We started Poke more than 17 years ago, but the scrabble to set it up feels like it was yesterday.
Many digital agencies have come and gone since, but Poke has stayed the course. One question always comes up in conversation: if I was starting a new agency today, would it be a Poke again? Would 'digital’ even be in the description? What would be the focus?
So, I thought I’d have a go at the theoretics and work through what that answer would be.
The first thing I’d do is look at the environment we’re in. With Poke, we looked around at the war-wounded, lying lifeless around us in the aftermath of the bursting dotcom bubble. And we asked ourselves: "Is it really over or is it really just beginning?" We concluded that it was the latter and our role in the world was to help build better things in digital to shore up its reputation and ensure another apocalypse wasn’t a guaranteed spectre for the future.
The environment is entirely different today. There’s no bursting bubble and digital isn’t even a thing in itself any more; it’s woven into everything. So, what are the problems and challenges even worth solving? And how would I engineer something to meet those challenges and establish a direction fit for the future?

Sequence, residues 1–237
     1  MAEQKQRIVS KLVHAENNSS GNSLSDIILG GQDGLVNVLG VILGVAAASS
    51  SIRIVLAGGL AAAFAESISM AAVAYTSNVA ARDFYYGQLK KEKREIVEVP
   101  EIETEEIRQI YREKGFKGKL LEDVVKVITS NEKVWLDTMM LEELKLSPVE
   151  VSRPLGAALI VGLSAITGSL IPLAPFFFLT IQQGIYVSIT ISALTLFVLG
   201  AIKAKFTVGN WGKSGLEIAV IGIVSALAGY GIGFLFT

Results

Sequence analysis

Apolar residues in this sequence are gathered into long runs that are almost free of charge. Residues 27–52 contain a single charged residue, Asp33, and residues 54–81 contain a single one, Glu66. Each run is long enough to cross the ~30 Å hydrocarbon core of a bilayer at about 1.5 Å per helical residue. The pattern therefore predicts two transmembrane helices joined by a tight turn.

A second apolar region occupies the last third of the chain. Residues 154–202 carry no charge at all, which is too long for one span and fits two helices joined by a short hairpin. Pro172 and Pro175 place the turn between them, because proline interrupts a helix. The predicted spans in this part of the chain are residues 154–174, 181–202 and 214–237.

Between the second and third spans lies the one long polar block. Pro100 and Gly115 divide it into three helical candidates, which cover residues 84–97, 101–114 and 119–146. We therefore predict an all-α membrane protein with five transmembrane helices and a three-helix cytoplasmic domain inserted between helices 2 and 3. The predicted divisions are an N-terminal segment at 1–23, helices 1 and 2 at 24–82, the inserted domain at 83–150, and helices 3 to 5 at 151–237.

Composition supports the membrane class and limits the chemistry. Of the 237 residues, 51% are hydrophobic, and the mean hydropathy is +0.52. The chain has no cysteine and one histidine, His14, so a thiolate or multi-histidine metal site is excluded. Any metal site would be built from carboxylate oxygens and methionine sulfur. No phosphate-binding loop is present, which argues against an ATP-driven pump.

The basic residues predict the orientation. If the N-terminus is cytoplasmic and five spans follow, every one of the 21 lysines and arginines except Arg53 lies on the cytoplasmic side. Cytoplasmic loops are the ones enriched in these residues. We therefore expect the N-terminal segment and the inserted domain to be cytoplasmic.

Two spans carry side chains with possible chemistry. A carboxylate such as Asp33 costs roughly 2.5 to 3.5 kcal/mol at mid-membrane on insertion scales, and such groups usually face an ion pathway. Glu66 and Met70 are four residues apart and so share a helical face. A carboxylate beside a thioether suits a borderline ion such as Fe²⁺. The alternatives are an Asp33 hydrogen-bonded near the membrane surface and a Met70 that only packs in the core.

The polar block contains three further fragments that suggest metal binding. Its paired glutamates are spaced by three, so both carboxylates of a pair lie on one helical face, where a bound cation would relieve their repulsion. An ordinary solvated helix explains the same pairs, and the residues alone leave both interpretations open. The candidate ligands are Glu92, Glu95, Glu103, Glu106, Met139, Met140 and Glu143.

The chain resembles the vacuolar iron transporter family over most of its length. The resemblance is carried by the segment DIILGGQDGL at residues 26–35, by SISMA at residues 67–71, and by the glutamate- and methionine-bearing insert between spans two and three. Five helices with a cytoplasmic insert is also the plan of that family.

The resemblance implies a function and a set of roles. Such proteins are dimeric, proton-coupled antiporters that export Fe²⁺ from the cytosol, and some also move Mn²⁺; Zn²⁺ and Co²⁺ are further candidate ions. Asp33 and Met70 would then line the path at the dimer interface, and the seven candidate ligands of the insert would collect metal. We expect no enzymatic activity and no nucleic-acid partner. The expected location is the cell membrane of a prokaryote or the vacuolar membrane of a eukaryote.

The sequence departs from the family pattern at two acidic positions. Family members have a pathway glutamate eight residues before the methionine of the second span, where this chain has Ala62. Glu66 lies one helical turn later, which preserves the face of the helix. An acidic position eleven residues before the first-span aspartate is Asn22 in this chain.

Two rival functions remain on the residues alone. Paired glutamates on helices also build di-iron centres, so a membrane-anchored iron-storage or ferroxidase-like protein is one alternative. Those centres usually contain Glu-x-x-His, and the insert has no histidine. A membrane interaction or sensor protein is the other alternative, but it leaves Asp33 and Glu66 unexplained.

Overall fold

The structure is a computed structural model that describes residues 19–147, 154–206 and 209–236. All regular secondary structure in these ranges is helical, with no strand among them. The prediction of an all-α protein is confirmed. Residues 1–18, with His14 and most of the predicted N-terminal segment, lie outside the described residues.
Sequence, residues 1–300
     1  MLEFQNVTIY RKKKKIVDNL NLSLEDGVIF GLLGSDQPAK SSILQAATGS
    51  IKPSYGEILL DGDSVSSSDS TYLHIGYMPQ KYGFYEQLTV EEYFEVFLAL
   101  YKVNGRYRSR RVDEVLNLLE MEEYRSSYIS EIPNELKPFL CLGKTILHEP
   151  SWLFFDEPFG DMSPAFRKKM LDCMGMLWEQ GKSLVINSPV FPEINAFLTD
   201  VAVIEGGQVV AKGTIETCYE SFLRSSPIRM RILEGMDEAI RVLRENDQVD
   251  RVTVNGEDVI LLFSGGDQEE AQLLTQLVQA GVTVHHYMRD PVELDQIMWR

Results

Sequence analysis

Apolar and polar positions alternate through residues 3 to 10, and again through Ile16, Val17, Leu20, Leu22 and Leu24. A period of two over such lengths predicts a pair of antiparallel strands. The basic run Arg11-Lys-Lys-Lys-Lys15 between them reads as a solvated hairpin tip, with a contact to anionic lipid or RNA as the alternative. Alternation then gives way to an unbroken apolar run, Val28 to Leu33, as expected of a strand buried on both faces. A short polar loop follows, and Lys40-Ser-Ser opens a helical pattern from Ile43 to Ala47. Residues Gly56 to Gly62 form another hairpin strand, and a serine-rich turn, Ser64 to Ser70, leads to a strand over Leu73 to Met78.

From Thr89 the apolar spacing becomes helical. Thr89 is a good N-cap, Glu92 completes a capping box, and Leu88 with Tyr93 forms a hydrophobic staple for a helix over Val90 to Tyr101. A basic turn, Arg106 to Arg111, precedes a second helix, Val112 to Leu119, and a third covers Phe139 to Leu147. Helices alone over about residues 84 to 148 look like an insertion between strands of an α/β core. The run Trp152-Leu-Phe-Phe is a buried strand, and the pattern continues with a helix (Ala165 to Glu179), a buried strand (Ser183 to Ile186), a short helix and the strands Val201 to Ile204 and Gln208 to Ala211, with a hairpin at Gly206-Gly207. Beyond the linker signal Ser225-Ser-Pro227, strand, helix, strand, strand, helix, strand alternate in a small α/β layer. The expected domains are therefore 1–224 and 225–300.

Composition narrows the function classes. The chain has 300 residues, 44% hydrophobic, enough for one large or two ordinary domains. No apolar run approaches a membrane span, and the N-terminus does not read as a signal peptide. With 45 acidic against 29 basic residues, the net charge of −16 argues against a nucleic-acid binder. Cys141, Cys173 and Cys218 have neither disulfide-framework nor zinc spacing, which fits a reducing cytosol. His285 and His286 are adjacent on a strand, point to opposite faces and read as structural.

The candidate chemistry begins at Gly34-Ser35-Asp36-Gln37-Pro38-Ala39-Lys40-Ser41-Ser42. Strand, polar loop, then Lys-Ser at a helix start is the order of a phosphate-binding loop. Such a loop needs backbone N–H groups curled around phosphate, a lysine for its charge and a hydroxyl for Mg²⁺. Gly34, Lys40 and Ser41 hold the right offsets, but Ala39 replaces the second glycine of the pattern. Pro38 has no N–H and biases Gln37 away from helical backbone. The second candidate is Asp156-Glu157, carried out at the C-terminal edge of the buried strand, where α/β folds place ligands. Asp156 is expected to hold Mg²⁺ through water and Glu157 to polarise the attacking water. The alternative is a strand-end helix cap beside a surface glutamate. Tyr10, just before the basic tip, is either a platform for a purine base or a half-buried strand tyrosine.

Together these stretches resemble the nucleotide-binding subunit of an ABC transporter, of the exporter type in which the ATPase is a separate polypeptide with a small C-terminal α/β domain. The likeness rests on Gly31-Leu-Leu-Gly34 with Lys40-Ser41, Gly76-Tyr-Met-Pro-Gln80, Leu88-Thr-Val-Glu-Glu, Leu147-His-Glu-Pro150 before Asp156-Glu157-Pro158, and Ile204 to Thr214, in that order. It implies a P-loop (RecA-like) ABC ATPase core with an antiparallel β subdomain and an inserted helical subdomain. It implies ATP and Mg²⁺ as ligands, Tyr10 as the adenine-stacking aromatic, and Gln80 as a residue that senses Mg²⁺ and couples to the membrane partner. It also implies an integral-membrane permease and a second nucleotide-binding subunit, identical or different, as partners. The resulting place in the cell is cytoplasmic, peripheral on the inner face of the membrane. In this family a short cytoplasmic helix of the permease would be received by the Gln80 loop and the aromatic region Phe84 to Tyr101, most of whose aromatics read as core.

The thing that probably annoys me the most and thus excites me the most as a problem to solve, is the failed project of advertising’s "Integration 1.0".
"Integration" was the silver bullet to cure all discontinuity in the communications complex, ensuring ideas rendered at the top would flow down to the tiny streams and tributaries at the bottom.
The promise of "sorting out the top and the rest would follow" is clearly appealing to chief marketing officers and seasoned creative directors. Because what that really means in practice is "spend most of your time, energy and money sorting out the hero film" with the assumption that the rest of the collateral and experiences would just follow suit and find ways to "integrate" so it all hangs together.
But "integration 1.0" fails dramatically in the modern world for one simple reason. The problem to solve at the top is a lot easier than the one at the bottom. If you don’t spend any time, money or energy solving the harder challenge, it doesn’t get done. And the huge potential is left for competitors and disruptors to exploit.
What is at the bottom these days? Mail-outs, point of sale and e-spam?
Because of the blend of spectacularly rich consumer data on one side and the structure, platforms and networks to deploy targeted communications on the other, the bottom has become the biggest show in town. Not just because the potential efficacy is there, due to the availability of infinite, intimate, personalisable connections, but because this new system of human connections is a heroic-scale creative challenge, one that is worth a tonne more focus and investment.
If I’m a chief marketing officer right now I’m asking what agency can take my brand to this new fertile land. And I’m worried. Because the old guard don’t see any glory down there in the weeds and the engineers of the new guard seem to lack the grace to know how to turn clever mechanics into moving poetics.